Sermon Jan 26 St Ambrose
Our reading from 1 Corinthians gives us a snapshot of the early church. Instead of everyone working together for the one goal, they are quarrelling and claiming that one group is better than another. Why are they different? After all, they have heard the same message, and surely the church is not yet old enough for the cracks of divisions to show?
The people are claiming difference by who it was that baptised them. It’s not what you know, but who you know, was maybe their motto. They are claiming a certain pedigree in the church because of who had been there in the beginning of their Christian journey.
Have you seen this in your time?
We used to live in Tawa, Wellington, which in the 1970s had been the hotbed of the charismatic renewal in New Zealand. People were still part of the congregation who had been there in those exciting and heady times. And the church still had that sort of flavour. I have heard some of our brothers and sisters from those days comparing notes about who had led them to the Lord, who had mentored them, just as the Corinthians were doing. They were giving their church pedigree by pointing out their connection to the famous, the influential person who had brought them into the faith.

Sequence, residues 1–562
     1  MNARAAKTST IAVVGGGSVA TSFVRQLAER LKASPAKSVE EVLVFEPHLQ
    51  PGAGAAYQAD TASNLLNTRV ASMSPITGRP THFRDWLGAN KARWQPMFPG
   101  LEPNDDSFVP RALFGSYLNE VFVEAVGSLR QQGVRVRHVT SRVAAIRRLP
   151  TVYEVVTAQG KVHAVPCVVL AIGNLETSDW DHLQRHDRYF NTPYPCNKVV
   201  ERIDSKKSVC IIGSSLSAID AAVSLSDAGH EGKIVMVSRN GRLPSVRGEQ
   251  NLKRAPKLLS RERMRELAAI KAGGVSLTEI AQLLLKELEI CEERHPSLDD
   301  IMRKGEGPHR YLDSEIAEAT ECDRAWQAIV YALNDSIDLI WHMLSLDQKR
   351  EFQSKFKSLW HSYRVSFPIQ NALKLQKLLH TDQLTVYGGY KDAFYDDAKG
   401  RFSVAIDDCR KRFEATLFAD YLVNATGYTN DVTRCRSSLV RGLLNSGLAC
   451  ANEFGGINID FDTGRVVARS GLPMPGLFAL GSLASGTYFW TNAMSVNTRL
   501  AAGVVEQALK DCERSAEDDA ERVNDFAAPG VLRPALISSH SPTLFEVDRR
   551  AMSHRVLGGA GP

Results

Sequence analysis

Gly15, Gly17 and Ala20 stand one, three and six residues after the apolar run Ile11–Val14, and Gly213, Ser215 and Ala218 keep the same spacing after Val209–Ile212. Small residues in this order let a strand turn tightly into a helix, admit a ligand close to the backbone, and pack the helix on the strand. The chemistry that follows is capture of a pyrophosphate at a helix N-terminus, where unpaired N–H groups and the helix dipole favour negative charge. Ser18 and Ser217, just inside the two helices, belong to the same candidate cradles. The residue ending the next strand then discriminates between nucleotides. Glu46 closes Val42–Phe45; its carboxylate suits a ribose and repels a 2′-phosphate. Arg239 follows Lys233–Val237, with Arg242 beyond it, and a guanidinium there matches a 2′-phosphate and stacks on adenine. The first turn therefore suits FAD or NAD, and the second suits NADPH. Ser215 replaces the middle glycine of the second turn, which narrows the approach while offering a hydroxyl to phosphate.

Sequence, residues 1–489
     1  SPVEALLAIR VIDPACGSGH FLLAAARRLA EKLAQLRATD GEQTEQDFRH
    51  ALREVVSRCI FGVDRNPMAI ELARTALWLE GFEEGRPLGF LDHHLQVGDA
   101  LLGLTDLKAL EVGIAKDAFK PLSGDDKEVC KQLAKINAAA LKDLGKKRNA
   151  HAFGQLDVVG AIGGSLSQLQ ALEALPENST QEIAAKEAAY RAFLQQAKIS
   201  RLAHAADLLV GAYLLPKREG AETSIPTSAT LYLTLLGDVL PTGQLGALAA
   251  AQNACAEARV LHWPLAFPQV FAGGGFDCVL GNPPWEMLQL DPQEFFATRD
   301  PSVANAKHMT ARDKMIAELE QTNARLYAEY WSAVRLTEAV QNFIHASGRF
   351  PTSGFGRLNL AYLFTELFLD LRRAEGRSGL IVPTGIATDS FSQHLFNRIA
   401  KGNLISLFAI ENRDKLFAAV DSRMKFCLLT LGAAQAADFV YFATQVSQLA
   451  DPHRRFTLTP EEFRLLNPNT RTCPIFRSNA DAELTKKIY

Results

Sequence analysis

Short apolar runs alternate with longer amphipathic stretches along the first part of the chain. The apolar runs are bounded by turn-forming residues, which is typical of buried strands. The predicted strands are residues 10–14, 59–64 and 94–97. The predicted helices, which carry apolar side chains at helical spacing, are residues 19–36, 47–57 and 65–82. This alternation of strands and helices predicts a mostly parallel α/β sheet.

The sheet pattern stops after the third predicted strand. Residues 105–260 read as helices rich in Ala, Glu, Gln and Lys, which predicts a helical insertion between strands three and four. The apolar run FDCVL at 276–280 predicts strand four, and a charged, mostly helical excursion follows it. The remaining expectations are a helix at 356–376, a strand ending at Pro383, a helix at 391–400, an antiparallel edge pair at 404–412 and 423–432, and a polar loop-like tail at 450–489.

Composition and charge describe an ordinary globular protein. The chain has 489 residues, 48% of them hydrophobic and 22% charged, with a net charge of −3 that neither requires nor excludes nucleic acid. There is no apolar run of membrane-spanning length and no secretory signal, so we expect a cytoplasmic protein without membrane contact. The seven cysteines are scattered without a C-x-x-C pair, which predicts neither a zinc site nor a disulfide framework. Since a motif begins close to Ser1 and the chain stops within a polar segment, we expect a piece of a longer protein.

It’s who you know, not what you know.
But is this really a reason to boast in the church? Paul certainly didn’t think so. He was glad he had baptised only a few people, so no one could claim the glory of having been one of his lot.
Well, what do we know as Christians? We know that God loves us, and made us all in God’s own image. We know that God sent Jesus to atone for our sins. We know that God loves everyone else too, so we need to love them just as God first loved us.
We say these things each week in the Creed, and it’s worth thinking about a bit. Parts of the liturgy that are said regularly can get a bit automatic, so that we don’t really think about what we are saying. So today, after the sermon, try and be really present when we say the Creed. Notice if there’s a line that stops you, that has you thinking. That might be God speaking to you about that particular issue.